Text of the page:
The country's first specialist curriculum for deaf-blind children has been developed by a classroom teacher.
Heather Murdoch spent more than five years devising the detailed document amid concerns that pupils with multi-sensory impairment (MSI) are not getting a sufficiently high-quality education.
It is hoped that her curriculum, which has won the backing of Sense, the charity for deaf-blind people, will benefit thousands of pupils and teachers.
She has also been praised by a union leader for her "immense creativity".
Dr Murdoch, who has more than 30 years' experience of working with MSI children, designed the curriculum while working at the Birmingham MSI unit at the city's Victoria School, a major centre for children with physical disabilities.
"This is the first curriculum that spells out how we work with students at different stages, how they develop and how they progress," said Dr Murdoch. "There is no other curriculum like it in the UK.
"MSI pupils have to have a different curriculum because their condition can cause problems. If you can't see or hear well, you start school with no understanding of how to learn."
Eileen Boothroyd, education officer at Sense, said: "MSI children have only been recognised in the last 15 years.
"The impairment makes learning in the ordinary classroom extremely difficult, especially for teachers. This new curriculum means MSI education is coming of age."
The 150-page document includes content backed up with in-depth case studies for teachers to draw on.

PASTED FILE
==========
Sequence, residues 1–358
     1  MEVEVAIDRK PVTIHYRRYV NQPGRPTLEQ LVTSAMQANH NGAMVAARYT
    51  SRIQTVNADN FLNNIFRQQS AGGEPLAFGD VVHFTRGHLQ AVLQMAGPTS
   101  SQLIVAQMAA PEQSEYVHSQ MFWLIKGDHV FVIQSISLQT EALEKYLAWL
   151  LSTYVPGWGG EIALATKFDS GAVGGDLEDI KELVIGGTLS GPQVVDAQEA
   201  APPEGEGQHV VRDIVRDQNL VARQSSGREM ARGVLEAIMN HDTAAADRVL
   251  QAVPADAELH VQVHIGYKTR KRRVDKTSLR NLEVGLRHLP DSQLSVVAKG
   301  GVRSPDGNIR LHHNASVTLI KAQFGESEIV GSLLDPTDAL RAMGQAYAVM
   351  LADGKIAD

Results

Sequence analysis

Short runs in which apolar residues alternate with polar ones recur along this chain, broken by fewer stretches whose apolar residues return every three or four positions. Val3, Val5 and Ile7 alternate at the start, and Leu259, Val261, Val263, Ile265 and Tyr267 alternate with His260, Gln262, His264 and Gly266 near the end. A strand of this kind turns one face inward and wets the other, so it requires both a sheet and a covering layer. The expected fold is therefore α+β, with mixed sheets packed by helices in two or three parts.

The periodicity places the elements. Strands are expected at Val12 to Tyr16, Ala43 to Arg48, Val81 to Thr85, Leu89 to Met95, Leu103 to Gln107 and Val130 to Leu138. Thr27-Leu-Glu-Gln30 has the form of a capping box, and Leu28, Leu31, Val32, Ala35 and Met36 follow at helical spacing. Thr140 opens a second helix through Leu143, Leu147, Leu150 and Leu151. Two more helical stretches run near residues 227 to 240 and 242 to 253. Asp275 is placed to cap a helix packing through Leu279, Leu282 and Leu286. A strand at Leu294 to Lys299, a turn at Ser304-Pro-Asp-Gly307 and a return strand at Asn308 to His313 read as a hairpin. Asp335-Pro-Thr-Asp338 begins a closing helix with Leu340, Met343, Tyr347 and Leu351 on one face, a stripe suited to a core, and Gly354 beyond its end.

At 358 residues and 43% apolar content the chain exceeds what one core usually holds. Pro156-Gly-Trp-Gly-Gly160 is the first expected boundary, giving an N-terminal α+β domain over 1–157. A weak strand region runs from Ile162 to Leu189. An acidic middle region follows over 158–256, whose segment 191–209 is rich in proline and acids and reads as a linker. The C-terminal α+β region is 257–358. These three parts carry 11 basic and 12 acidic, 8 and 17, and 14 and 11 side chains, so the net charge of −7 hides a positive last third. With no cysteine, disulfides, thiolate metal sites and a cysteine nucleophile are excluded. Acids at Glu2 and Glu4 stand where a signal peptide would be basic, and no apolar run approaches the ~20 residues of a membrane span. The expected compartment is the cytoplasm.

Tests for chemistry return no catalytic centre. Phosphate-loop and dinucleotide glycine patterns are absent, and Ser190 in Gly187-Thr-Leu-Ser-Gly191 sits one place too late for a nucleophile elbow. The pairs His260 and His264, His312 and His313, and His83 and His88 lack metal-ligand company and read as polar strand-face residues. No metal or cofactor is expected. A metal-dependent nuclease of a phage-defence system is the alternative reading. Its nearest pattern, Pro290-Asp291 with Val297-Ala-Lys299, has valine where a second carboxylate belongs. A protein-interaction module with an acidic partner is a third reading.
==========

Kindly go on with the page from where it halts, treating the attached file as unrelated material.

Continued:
In June 2007, Ofsted visited Victoria School while the curriculum was being developed, describing it as "excellent".
It was after this recognition that Dr Murdoch and her colleagues decided to offer the curriculum to other schools for the 4,000 MSI children in the UK.
John Bangs, head of education at the NUT, said: "The current curriculum has such an uneven approach.
"The fact that a teacher has done this has shown immense creativity and shows how teachers are capable of creating a future curriculum."
Dr Murdoch's curriculum can be downloaded free from the Sense website. It has been accessed 400 times since being made available at the beginning of the year.
"I am so pleased it's free to access," she said. "It means it will be used more widely."
Sense believes that with the Government and Ofsted pushing for individual learning programmes, the current climate is ideal for its release.
"The curriculum is refreshing, different and practical," says Ms Boothroyd.
"There are many examples to use for individual children, and how to adapt it. Ten schools have trialled it. See what you can do with it."